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American Journal of Physical Medicine & Rehabilitation:
doi: 10.1097/01.phm.0000163717.83109.11
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Pseudo-Ulnar Neuropathy

Robinson, Lawrence R. MD

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From the Department of Rehabilitation Medicine, University of Washington, Seattle, Washington.

A 47-yr-old physiatrist was demonstrating right ulnar nerve conduction studies to residents when the responses displayed in Figure 1 were recorded.1 Review of systems was remarkable only for intermittent tingling of the small finger, worsened by prolonged bicycle rides. Physical examination revealed no weakness in any of the upper limb muscles. Muscle stretch reflexes were 2+ and symmetrical. The tracings demonstrate recordings from the abductor digiti minimi (top four traces) and first dorsal interosseous (bottom four traces), while stimulating the ulnar nerve at the wrist, below elbow, above elbow, and axilla. Concern was raised by the residents that this might demonstrate an ulnar neuropathy in the distal forearm because the recording from the first dorsal interosseous dropped from the wrist to below elbow by almost 50% in amplitude and area. The residents were ready to make a surgical referral.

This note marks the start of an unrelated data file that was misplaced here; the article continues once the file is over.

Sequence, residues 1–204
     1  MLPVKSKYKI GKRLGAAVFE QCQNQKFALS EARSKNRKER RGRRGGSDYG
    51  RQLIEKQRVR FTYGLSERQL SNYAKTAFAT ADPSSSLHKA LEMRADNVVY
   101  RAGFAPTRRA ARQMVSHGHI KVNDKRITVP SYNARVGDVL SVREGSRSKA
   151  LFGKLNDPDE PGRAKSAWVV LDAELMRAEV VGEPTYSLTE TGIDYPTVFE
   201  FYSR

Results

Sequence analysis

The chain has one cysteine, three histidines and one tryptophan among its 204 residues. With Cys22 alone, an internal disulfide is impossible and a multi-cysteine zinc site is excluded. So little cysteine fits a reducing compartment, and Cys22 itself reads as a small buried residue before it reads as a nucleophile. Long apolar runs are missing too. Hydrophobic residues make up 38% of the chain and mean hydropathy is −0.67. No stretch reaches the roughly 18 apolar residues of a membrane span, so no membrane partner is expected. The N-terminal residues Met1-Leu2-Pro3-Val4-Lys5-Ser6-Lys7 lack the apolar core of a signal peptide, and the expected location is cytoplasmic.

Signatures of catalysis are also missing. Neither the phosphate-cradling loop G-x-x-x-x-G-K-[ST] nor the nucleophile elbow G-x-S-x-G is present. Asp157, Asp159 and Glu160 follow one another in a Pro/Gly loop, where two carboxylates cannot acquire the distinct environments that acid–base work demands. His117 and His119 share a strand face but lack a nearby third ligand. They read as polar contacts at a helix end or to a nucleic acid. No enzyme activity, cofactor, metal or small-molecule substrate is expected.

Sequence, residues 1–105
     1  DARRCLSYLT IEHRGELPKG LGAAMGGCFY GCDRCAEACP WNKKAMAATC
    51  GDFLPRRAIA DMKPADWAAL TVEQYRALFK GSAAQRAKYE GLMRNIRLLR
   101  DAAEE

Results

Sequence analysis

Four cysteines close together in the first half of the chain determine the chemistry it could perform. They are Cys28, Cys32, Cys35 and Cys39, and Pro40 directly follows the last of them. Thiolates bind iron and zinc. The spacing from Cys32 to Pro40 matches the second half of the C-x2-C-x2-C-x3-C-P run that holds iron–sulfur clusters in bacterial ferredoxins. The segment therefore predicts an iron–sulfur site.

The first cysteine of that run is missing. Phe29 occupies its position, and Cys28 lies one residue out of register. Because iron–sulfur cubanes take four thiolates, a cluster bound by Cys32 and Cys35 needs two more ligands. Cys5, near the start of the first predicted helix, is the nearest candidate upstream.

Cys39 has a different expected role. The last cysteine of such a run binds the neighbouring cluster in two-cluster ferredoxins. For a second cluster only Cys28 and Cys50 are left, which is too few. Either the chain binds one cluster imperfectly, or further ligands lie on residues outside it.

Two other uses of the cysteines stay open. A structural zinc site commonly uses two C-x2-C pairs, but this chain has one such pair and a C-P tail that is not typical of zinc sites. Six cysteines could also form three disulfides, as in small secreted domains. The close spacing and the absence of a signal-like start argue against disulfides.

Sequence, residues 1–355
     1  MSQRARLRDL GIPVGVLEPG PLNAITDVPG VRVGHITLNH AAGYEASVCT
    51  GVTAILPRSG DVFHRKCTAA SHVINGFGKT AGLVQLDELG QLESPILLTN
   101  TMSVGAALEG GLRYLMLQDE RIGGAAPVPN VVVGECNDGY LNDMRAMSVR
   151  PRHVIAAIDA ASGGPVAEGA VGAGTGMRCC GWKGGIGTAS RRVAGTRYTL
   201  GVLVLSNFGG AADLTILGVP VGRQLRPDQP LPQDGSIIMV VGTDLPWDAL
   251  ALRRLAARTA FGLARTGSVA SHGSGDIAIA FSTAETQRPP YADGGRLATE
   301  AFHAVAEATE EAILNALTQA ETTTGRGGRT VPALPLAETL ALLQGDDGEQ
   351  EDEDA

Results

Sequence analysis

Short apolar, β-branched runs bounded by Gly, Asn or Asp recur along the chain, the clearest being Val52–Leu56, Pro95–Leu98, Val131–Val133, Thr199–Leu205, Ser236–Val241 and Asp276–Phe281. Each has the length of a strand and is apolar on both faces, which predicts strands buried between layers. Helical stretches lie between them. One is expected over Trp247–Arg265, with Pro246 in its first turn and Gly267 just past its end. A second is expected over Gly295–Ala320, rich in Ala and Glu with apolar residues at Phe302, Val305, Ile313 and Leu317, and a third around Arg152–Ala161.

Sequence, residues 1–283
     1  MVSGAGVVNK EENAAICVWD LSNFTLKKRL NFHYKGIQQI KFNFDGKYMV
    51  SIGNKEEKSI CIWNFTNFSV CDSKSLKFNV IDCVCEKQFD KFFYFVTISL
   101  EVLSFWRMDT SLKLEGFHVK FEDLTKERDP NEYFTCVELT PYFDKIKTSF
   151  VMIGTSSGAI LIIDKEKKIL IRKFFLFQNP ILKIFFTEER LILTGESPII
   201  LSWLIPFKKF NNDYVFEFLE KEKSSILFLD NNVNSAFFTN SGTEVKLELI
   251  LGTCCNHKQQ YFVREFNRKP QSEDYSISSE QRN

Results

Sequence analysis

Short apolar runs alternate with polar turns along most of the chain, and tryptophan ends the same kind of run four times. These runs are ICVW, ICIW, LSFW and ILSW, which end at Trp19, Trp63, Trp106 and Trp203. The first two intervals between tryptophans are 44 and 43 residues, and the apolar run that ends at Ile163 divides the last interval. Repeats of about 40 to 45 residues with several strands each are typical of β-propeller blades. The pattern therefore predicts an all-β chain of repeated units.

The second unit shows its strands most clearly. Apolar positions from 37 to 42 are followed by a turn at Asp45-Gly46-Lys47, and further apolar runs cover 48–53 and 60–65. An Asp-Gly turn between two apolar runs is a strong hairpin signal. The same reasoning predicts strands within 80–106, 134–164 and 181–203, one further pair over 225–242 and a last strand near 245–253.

Figure 1
Figure 1
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Differential diagnosis included ulnar neuropathy in the forearm (which is very rare) or Martin-Gruber anastomosis (which is quite common). Subsequent nerve conduction studies stimulating the median nerve at the elbow while recording at the first dorsal interosseous demonstrated an initially negative response, with an amplitude of 3.8 mV, consistent with a crossover in the forearm. The larger amplitudes seen with stimulation in the axilla likely represents co-stimulation of the median nerve, which is very close to the ulnar nerve in the axilla. Studies on the contralateral limb revealed essentially the same results.

The physician/patient quickly recognized that this was consistent with Martin-Gruber anastomosis and fortunately saved himself an operation for ulnar neuropathy in the forearm. His numbness has since resolved on its own.

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REFERENCE

1. Gutman L: AAEM minimonograph #2: Important anomalous innervations of the extremities. Muscle Nerve 1993;16:339–47

© 2005 Lippincott Williams & Wilkins, Inc.

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